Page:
Etsy used a long, convoluted blog post to announce the censorship, trying to justify their outrageous, unjust interference with the lawful, legitimate, and time-proven business of the Redskins Football Team and all of the Etsy sellers who sold Redskins licensed memorabilia, by pretending that they are able to speak for "the minority group itself", when in fact, they are not only following the latest elitist trend that ignores the genuine in favor of the romanticized fashion of the moment, but using it as justification for dictating unpredictable rules without warning to honest people who thought the company practiced legitimate governance:
Like the Trademark Trial and Appeal Board, we at Etsy find the opinion of the minority group itself to carry most weight in determining whether the mascot is disparaging. In no uncertain terms, Native American groups have consistently advocated and litigated that the term “redskin(s)” is disparaging and damaging to Native Americans. Therefore, it will no longer be permitted in our marketplace.
We understand that fans wish to support their favorite football team, and we do not believe that fans who are attached to the mascot have any racist feeling or intent. We also understand that some fans view the name and mascot as an homage to Native Americans, and we do not doubt their noble intent, but the fact remains that Native Americans themselves find the term unacceptable.
Sellers are welcome to continue selling items that contain the team colors and location, but items containing the name or the logo will no longer be allowed. This change takes effect today. Our Marketplace Integrity Team is contacting members by email whose listings are affected by this updated policy. If you have questions about a specific item in your shop or that you might want to list on Etsy, please contact us using the Help Center.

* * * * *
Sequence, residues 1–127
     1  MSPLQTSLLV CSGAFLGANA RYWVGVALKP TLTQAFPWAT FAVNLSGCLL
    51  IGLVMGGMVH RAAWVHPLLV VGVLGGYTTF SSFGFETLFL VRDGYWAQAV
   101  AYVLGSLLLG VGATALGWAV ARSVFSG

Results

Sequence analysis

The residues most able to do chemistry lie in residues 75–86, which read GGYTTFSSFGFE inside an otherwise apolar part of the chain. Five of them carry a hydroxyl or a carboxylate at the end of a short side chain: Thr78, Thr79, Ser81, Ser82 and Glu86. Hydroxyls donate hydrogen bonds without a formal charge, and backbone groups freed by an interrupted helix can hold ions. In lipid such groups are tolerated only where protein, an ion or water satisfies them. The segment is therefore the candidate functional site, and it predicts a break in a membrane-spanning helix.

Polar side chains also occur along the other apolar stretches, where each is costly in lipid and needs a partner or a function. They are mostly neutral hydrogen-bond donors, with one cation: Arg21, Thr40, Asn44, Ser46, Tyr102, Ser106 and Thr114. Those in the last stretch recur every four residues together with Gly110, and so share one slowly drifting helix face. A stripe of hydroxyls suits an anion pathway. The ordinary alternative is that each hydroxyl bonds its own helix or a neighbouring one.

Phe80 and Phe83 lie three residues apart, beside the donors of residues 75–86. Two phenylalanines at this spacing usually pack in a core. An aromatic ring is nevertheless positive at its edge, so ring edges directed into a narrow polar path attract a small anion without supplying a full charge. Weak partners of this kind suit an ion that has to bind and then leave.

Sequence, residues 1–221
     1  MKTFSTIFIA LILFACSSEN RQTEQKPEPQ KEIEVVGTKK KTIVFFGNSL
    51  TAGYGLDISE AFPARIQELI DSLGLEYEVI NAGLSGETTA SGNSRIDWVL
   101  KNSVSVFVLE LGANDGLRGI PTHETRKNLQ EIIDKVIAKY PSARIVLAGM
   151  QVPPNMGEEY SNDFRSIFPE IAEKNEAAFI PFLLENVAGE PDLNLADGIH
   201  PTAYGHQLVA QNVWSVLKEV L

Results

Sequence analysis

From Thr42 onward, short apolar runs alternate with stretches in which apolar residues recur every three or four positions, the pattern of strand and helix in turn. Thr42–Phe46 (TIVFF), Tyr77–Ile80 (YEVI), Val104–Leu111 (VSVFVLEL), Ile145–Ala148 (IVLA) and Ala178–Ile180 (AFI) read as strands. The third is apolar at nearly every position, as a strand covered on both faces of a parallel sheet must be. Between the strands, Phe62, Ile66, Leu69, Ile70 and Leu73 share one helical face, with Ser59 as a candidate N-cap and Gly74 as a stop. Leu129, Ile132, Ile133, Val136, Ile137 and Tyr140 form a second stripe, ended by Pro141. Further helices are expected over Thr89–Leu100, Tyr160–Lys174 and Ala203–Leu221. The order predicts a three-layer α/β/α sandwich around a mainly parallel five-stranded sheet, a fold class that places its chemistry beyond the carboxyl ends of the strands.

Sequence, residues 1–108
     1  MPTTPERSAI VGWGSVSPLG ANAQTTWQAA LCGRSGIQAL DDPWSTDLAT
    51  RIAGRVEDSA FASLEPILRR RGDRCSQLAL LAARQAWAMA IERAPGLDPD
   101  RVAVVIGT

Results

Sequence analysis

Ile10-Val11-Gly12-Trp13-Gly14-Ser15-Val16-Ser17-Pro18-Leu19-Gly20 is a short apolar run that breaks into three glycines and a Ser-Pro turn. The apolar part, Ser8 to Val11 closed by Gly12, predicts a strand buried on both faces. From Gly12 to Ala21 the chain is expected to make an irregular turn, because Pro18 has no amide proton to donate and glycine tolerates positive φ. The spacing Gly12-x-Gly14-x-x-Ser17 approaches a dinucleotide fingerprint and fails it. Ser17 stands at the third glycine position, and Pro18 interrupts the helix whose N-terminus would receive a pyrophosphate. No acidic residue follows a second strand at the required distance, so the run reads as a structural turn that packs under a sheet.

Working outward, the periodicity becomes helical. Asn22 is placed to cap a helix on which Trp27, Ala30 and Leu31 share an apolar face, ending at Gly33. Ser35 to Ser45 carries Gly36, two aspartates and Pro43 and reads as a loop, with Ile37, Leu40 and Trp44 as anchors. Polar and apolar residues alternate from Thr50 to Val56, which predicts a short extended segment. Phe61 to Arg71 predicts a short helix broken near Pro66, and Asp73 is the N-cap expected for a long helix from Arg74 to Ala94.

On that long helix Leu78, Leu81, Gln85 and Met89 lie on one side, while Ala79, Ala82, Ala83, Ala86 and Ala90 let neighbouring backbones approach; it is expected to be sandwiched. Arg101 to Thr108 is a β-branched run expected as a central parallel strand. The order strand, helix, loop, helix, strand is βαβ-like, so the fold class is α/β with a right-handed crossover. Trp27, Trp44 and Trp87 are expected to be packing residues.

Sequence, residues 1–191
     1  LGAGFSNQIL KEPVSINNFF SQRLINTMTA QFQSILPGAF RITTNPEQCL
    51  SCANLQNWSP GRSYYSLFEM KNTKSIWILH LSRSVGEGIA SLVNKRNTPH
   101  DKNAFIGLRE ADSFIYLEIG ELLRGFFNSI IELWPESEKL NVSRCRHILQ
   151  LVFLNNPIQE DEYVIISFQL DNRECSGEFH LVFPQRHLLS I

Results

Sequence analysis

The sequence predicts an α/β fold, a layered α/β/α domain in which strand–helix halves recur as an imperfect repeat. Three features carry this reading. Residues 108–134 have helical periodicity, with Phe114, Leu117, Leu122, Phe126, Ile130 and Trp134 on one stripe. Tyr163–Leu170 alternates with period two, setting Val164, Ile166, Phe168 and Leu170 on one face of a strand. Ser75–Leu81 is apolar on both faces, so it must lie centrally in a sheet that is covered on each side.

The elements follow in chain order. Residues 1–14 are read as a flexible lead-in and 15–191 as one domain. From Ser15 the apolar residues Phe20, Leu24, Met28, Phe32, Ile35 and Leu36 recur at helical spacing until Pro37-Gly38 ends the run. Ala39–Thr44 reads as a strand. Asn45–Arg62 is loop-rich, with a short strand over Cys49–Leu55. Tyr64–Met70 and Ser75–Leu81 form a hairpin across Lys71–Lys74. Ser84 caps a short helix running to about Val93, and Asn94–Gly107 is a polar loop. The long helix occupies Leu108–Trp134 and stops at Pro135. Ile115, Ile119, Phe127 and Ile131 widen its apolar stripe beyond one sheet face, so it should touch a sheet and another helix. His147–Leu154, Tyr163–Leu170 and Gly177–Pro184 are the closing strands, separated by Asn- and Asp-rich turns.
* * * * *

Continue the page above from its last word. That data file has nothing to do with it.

Etsy does not provide an easy way to contact them, but as a blogger, you can use their Press email address:

Saturday, September 13, 2014

Remember David Haines.... But Especially, Remember Fabrizio Quattrocchi: "I'll Show You How An Italian Dies!"

Today, the muslims that call themselves ISIS have killed another hostage. As we mourn David Haines, murdered by islam, we are wise to recall that this is the habit of our enemy. 
10 years ago in 2004, muslims in Iraq were killing off hostages one by one. The name Fabrizio Quattrocchi should be taught in our schools, and honored on our calendar. April 15th is no longer just Tax Day, but it is also the day Fabrizio Quattrocchi showed us how to stand up to evil. 
From the article at The Daily Mail
" As the last seconds of his life ticked away, Fabrizio Quattrocchi defiantly removed the hood placed over his head by his killers and shouted: 'Now you'll see how an Italian dies.'
"They were his last words. The militiamen then shot the 36-year-old ex-soldier in the neck at point-blank range. Mr Quattrocchi was one of four Italians forced to stand alongside a shallow grave dug by their captors, who then selected him at random for death. "

At the Blog Just One Minute, a quote from NRO:
April 26, 2004, 8:31 a.m.
Moments of Truth
Fabrizio Quattrocchi lived fully — to his last moment.
By James S. Robbins
Thucydides wrote about war in order to study man's character. Conflict brings out both the very best in human nature, and the very worst. The two often emerge simultaneously.
Witness Fabrizio Quattrocchi, 36, a baker from Italy who went to Iraq to work as a security guard for a contracting firm. He and three other Italians were taken hostage by al-Katibat al-Khadra, the Green Battalion, who demanded that Italy release some of the Muslim extremists they are holding, and that Italian Prime Minister Silvio Berlusconi apologize for statements he made that allegedly insulted Islam. They showed the hostages on video, and threatened to kill them if their demands were not met. To demonstrate they were serious, they took Quattrocchi to a field, and had him dig a large hole. They then put a hood over his head and forced him to kneel by the grave, preparing to murder him. But Fabrizio did not cooperate. He stood and tried to pull off the hood, shouting, "Now I'll show you how an Italian dies!" The terrorists shot him in the back of the neck. Al Jazeera, which obtained the videotape of the killing, chose not to air it, saying it was "too gruesome." Italian Foreign Minister Franco Frattini said, Fabrizio "died a hero."
Tell your children. Tell your grandchildren. Tell them about the great bread baker from Italy, who went to fight evil, and who refused to bow to their despicable false god. And because of that, the good Fabrizio Quattrocchi lives in Heaven forever, the guardian angel of brave children everywhere. 

Tuesday, August 19, 2014

News from the Front: APIII% Team on the American Border, Assisting Law Enforcement